A teenager who was the subject of a Full Care Order was described by the judge during a review of the case in Dublin District Court as “a young woman who had experienced a lot of tragedy and difficulty in her young life, however from the evidence set out each of the care goals that have been set for [A] have been met and this has resulted in one of the good news stories that emerge from these courts, and it is down to the social work department, the aftercare worker, the GAL, all involved and [A] herself.”
After the tragic death of her mother, who died intestate, the teenager’s extended family would not allow her back into her mother’s house or let her have the keys. The HSE ensured she got legal representation to deal with these issues. The social worker told the court that since the last review she was often in touch with the GAL and A.
A was very involved with her aftercare worker. She was in general foster care and had a very good relationship with her carers. She was attending a Youth Reach Early Childhood Education course, which was an alternative to mainstream education. The course was due to finish this year and she hoped to go on to college.
The social worker told the court that A would be supported in her education through Aftercare, in both fees and accommodation (if she had to move to attend a course). Her drug and alcohol use had been very chaotic and of huge concern, but “she seems to have matured and is more aware of her health and safety and consuming alcohol in a safe manner”. The social worker believed she was still using cannabis, “but in a safe way”. A was attending weekly counselling through her educational placement.
While she planned to live independently, this depended on the location of her college course.
“What are A’s current views and wishes?” asked the solicitor for the HSE.
“She is very happy, very content, loves her foster placement and educational placement,” the social worker told him. However, her relationship with her wider family seemed to have broken down. In a statutory review her GAL had said that mediation could be facilitated if needed. She had a very good relationship with her mother’s ex-partner, she saw him as her father and they visited one another.
HSE solicitor: “Can you tell the court how far has A come while being supported by the HSE?”
Social worker: “It seems to have been very positive, she has stabilised, she is safe in her environment, her relationships with adults have improved significantly, her drug and alcohol use stabilised, she has really come around and done fantastic.”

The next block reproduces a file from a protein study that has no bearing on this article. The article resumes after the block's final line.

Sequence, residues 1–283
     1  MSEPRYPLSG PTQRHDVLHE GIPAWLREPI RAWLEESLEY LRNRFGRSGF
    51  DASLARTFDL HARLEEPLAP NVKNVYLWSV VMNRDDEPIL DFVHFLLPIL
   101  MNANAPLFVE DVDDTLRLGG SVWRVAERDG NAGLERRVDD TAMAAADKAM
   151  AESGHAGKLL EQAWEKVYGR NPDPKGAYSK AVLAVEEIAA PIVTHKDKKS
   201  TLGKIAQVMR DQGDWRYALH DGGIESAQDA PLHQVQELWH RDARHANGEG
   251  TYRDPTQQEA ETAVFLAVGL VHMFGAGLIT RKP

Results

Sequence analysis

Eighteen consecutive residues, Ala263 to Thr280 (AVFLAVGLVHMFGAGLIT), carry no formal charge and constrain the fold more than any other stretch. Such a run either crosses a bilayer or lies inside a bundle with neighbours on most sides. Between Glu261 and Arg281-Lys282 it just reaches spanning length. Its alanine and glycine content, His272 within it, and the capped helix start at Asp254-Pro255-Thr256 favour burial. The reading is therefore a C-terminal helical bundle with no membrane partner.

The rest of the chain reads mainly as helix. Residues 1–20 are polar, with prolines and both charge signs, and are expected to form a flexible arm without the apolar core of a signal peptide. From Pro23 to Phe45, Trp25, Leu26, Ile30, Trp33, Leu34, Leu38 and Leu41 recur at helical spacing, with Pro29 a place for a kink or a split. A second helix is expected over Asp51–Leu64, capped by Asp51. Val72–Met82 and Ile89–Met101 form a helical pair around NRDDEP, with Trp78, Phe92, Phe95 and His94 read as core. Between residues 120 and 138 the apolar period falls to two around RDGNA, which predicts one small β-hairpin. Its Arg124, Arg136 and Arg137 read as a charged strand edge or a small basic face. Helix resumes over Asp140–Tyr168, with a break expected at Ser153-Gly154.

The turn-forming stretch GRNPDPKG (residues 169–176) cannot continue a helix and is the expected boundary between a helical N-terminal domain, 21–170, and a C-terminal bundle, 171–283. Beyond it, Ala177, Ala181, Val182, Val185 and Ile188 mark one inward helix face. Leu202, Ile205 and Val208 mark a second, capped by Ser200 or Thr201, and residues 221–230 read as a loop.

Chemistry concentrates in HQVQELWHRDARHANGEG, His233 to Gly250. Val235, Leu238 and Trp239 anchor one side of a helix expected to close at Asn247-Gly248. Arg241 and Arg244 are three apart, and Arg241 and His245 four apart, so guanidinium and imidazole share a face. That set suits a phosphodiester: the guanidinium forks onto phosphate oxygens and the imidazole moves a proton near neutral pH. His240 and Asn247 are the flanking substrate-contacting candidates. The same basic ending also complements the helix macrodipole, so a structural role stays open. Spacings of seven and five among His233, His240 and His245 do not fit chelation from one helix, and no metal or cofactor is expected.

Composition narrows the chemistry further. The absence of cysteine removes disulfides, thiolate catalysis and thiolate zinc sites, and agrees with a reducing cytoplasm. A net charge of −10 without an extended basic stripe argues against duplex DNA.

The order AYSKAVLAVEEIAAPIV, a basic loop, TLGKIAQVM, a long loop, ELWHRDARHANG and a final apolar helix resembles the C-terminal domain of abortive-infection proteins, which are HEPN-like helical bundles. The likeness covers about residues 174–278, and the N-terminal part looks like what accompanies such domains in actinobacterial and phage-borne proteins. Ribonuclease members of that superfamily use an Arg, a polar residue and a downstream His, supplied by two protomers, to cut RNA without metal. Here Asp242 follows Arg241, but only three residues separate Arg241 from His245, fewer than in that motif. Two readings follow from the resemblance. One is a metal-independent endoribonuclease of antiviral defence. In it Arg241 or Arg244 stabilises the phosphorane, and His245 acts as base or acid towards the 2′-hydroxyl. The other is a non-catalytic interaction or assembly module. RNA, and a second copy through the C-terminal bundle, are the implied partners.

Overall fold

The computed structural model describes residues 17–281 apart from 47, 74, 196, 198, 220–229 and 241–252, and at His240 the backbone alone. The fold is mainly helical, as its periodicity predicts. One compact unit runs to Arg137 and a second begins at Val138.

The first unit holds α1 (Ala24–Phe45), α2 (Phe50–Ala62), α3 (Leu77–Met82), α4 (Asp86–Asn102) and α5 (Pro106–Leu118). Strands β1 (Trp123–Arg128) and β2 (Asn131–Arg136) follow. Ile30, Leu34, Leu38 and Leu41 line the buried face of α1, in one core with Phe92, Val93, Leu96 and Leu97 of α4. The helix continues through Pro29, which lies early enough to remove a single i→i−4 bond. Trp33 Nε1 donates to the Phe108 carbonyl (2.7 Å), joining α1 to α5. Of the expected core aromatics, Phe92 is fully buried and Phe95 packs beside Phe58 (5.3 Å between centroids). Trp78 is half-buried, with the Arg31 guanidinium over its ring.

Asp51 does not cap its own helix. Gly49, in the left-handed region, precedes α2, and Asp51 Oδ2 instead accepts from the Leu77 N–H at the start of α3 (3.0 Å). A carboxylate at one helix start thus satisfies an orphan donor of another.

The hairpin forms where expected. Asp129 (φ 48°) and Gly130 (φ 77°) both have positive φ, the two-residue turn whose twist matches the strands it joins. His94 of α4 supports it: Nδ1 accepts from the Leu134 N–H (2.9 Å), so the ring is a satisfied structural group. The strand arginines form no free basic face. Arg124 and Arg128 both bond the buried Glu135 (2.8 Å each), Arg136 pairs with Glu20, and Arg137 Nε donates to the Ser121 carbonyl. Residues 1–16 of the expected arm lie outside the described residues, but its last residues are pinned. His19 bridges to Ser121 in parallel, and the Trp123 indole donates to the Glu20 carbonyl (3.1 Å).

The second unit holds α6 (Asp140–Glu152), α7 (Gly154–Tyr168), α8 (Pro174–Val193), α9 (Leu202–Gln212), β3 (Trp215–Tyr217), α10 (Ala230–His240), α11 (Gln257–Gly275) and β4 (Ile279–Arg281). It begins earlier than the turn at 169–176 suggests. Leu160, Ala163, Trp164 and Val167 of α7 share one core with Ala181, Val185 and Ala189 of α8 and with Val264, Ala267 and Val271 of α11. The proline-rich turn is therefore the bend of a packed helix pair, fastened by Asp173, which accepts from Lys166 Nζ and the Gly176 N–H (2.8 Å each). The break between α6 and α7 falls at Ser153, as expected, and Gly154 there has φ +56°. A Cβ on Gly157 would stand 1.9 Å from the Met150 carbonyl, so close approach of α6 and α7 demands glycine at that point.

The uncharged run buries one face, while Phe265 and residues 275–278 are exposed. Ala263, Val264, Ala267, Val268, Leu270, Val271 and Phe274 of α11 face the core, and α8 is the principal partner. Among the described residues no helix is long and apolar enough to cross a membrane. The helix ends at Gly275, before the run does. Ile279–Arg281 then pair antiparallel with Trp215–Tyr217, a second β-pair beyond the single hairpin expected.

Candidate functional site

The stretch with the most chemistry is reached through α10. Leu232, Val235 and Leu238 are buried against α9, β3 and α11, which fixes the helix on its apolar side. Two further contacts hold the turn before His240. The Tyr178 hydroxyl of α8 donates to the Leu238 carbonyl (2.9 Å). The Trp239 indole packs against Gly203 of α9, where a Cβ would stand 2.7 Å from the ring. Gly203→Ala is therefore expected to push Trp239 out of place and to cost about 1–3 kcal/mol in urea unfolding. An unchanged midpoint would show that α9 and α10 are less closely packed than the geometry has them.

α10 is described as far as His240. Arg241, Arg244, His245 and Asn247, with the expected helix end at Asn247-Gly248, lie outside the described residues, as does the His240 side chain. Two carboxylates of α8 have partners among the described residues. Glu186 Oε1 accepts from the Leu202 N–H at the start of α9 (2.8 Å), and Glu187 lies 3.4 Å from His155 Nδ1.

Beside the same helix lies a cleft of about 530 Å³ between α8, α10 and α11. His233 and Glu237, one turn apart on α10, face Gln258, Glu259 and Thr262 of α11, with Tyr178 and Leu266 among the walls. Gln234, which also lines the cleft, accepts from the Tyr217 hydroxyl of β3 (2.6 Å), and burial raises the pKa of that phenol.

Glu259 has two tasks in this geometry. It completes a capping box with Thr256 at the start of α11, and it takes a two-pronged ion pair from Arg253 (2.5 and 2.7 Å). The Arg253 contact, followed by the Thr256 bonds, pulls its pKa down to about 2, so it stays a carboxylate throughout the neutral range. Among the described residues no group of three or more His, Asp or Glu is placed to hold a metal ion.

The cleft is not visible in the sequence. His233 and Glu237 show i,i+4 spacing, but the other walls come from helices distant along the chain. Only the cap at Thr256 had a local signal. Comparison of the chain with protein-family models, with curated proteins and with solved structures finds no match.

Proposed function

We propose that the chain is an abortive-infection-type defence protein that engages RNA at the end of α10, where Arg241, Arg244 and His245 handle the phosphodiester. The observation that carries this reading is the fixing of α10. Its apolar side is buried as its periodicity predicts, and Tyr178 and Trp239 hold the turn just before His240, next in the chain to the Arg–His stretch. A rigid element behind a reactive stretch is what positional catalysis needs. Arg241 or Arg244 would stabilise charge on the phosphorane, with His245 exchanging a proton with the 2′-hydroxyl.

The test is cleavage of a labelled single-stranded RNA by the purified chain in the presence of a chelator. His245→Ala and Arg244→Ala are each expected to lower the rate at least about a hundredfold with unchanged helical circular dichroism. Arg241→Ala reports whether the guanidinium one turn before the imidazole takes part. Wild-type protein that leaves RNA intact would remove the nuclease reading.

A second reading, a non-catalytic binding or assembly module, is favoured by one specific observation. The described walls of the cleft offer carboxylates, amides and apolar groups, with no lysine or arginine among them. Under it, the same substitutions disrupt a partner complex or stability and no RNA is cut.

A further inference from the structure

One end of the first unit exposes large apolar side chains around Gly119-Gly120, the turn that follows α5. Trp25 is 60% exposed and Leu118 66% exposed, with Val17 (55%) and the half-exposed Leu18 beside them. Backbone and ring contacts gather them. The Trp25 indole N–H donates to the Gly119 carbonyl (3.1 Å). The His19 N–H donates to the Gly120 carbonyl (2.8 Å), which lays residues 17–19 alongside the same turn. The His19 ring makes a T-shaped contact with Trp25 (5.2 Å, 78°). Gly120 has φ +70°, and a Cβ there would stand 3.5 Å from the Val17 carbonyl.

The social worker told the court that A’s aftercare worker would remain in place until she was 21 and there was the option of him remaining in place until she was 23, this would support her further during her time in education.
The GAL told the court that a big juncture in the case was the application for the Full Care Order; A had no parent alive and no direction. The GAL felt the Care Order was appropriate as she had no parent. A road map had been drawn out in the GAL’s report, which included approval of a foster placement and independent legal advice. Everything had been addressed.
“A has matured, things have come together for her, it is somewhat of a success story. As a GAL I have the pleasure to recommend to the court the case can end before the court. It gives confirmation to A that she is doing well for herself. The cornerstone is the school placement in the [Youth Reach Centre], her Aftercare worker pulled a few strings to get her in, everything flowed from that, she started counselling, her placement was matched.
“The foster carer is always so committed to A. Her flash points have minimised, over Christmas she coped with family drama better, she was able to stand back from an incident over Christmas, which is a huge real life marker for her maturity. The future is bright. She still requires support, it’s still somewhat delicate because she can regress from time to time. She is happy about her plan. I am quite satisfied that everything is in order and the way it should be for everything to blossom.”
The judge noted that he had previously met with A himself and that she was “a young woman who had experienced a lot of tragedy and difficulty herself in her young life.” However from the evidence given today, each of the care goals that had been set for the teenager had been met “and this has resulted in one of the good news stories that emerge from these courts,” due to the work of all involved.
In conclusion, the judge said: “I would like to take this opportunity to wish A every success herself in her education and future life.”